At two sections on the shorter (1.96 mile) Donington layout peak rpm in fourth are attained, and this realises 112 mph; maximum speed on a clear and dry day was 118 mph at 5000 rpm on Starkey’s straight. A road 944 Cabriolet customer would expect one of the increasingly rare de-restricted sections of autobahn unfurling beyond that steeply raked hood and bonnet to bring nearer 150 mph with the hood erect.
For the test sessions we used oversize 245/45 section BF Goodrich R1 tyres on eight inch rims front and rear, but a later pre-season session showed that a seven inch front rim with a 225 section tyre could give better qualifying speed. As in his 1989 coupé, the Kevlin disc brakes are the 4 pistons units formerly fitted to the 220 bhp version of the 944 turbo. There was one important braking change in comparison to last season, the standard provision of ABS anti-lock braking, and this could be identified with a cockpit button to reset rapidly the system, should it pass into failure mode under the exceptional forces of racing circuit use. For our test session we had Porsche “green” asbestos-free pads installed, but standard rear pads were later substituted to counteract the rear end raggedness that both drivers suffered under heavy braking at Donington.
The open cockpit marries standard Porsche 944 instrumentation with welcome racing aides like the Sparco seat, TRW Sabelts and an optional Turbo SE Porsche component steering wheel. The latter three-spoke device is handier than the standard tiller and avoids the usual trap of blocking off the instruments; extra dials included only an engine oil temperature gauge. “Just a precaution from last year,” said team members, adding, “We think we had the cooler wrongly sited last year and so we now like to keep an eye on the temperatures generated in the sump.”
When I arrived at Donington, the car had already lapped the smoothly surfaced twists and challenging gradients of the Derbyshire track in 1.24.81 seconds (83.2 mph average), just about a tenth of a second under the official class lap record. However, there were not the bright smiling faces you might expect under such new car debut circumstances. Even Steve Kevlin’s car control had been extended in controlling the car. That he was then brave enough to let a journalist out was simultaneously flattering and worrying. I was requested to keep “around 6000 rpm” (maximum power is at only 5800 rpm) but was warned that “at the Old Hairpin and the Coppice run onto the main straight” I would be faced with at least 6200 rpm in third and the need for a change the instant I left the corner, or (in the latter case) in mid-corner apex, a practice that is common in production cars, but still unpleasant. I have enough trouble keeping cars on the track with two hands, never mind fiddling about the gearchange and staying on a sharply altered course with one hand. Steve Kevlin did confide that I would be surprised “how different” the cabrio felt to his previous mount, but it was left to me to judge the depth of this statement.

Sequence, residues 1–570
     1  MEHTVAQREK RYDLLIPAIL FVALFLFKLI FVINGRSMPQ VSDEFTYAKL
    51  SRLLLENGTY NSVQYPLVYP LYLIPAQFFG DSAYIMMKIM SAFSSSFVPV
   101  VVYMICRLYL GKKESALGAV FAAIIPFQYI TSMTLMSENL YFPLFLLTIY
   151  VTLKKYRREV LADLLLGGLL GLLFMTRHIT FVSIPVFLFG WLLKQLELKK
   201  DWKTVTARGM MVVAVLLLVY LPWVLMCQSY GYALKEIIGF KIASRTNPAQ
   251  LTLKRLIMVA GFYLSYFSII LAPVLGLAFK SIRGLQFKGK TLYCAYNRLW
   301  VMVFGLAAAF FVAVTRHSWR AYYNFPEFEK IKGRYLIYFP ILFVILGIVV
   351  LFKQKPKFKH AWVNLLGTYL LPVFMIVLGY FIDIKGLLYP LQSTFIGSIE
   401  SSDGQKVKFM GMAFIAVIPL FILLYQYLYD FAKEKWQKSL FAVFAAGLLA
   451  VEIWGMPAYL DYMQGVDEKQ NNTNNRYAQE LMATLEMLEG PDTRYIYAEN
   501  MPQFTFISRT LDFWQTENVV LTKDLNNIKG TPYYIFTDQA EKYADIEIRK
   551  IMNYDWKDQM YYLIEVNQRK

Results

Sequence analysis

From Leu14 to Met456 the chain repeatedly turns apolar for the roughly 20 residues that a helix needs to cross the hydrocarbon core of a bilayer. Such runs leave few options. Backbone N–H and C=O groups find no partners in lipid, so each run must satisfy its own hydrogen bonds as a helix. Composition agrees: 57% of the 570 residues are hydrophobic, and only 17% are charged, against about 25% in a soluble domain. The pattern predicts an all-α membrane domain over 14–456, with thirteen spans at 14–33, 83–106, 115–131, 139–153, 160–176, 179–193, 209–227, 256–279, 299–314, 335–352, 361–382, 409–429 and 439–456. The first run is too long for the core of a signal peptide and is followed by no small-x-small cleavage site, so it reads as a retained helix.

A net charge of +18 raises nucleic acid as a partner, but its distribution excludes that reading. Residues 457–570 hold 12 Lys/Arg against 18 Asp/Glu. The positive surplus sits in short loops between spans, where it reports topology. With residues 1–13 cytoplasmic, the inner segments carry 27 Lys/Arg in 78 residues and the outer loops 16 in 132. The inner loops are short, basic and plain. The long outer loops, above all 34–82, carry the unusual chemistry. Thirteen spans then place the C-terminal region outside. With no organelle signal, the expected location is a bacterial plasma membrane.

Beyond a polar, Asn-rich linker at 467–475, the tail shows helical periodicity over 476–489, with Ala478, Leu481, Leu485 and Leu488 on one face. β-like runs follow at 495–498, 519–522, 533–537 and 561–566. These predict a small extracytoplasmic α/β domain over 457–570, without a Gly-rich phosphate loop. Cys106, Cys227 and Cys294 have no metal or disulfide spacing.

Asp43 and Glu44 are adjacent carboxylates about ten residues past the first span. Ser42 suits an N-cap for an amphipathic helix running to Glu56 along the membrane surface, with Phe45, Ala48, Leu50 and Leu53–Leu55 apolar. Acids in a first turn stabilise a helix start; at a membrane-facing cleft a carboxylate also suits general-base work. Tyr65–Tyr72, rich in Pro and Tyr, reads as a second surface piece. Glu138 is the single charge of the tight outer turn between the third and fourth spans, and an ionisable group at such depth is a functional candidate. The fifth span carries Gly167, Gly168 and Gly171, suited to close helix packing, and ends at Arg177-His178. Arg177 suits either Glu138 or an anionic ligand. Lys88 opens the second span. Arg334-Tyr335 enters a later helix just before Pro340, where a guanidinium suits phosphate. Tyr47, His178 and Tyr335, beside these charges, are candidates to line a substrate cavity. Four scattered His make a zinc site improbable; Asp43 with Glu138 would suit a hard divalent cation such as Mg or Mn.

At first I just concentrated on fiddling around, trying to get my feet to attack the brake and clutch pedals at the right angle via seat adjustment. Even so, those initial exploratory laps left me exhilarated with the breezy speed of the open Porsche. I could not see much in the mirrors — comprehensive cage and some missing panes the culprits at this pre-season stage — but it was immediately obvious that this combination was fast enough to cope with the enormous variety (TR3 onward) of production based machinery sharing the circuit. At Redgate I must admit the inversion of a red Escort, one sprouting enormous wheels and tyres beneath extended wheel arches, did little for my confidence in the early laps. Yet this 944 was so invigorating that I was simply moved to get on with it. When the debris had been cleared and the seat moved to suit the short leg pilot, the fun started in earnest. Initially I was startled by its track manners, for it would turn into each slow corner with a sharpness that reminded me of single seater machinery. The snag was that the behaviour of this much stiffened chassis and its similarly stiffer back torsion bars differed from left to right hand corners, all whilst checking gross oversteer that had nothing to do with the usual low gear power slides of the race track rear-drive variety. What appeared to happen was that the combination of uprated springs (the fronts are of the coil type) and chassis had turned it into the biggest racing kart I have driven. So stiff that a rear wheel was lifting through left handers at speeds beyond 100 mph. On a dry day it was simply stimulating fun, the giant four cylinders zipping through the short ratios contemptuously and the white Porsche flicking from steering lock to lock in a style that was not popular with other track occupants. The nervous manners were emphasised by the rear brakes locking up intermittently on the approach to the downhill hairpin (dissuading more than one successful assault in fourth, rather than third) and into the certainty of third gear McLean’s. My usual experience of such spectacular progress is that it is enormously slow, but that was not the case with the Kevlin cabrio. My best time was realised soon after the seat was reset (1m 26.2s/81.9 mph) and it was only the closure of the circuit at the end of the day that reunited Mr Kevlin and his Cabriolet, for the gripping view as it skittered into yet another unlikely attitude set the adrenalin flowing in an addictive manner.
Once the flush of excitement had abated a brisk discussion with the reigning Porsche GB Champion established our common complaints about the vehicle behaviour and the team went on to a second session at Snefterton with a number of important changes to try. Unfortunately the Norfolk circuit had been radically changed over the winter — including a first or second gear (depends on car type) tight deviation before the pits that made any 1989 to 1990 data comparison void, but it did seem that the adoption of a smaller and softer rear anti-roll bar and the substitution of standard rear pads had calmed the patient’s initial twitching whilst allowing Steve Kevlin to remain competitive against a much more numerous (six) turnout of 944 opponents this season.
I can honestly say that I have not had so much fun in a four-cylinder Porsche, but it may be that the drafty sources of such exhilaration slow the car so much on the longer circuit straights that Kevlin is unable to put in a fair title defence. The results of the opening round at Snetterton tended to support this theory, a 911 Turbo 3-litre winning outright, by a dominant six seconds, in the brave hands of Chris Millard. In class B, the lighter 3-litre 911 of Bob Berridge claimed a class win over the 220 bhp 944 Turbo of Nigel Rice, leaving Steve to open his title defence on points earned from third in class. Next on the agenda were the twists of Brands Hatch, but it was also obvious that the tight new engine and transaxle would need some more hard mileage for optimum competitiveness. JW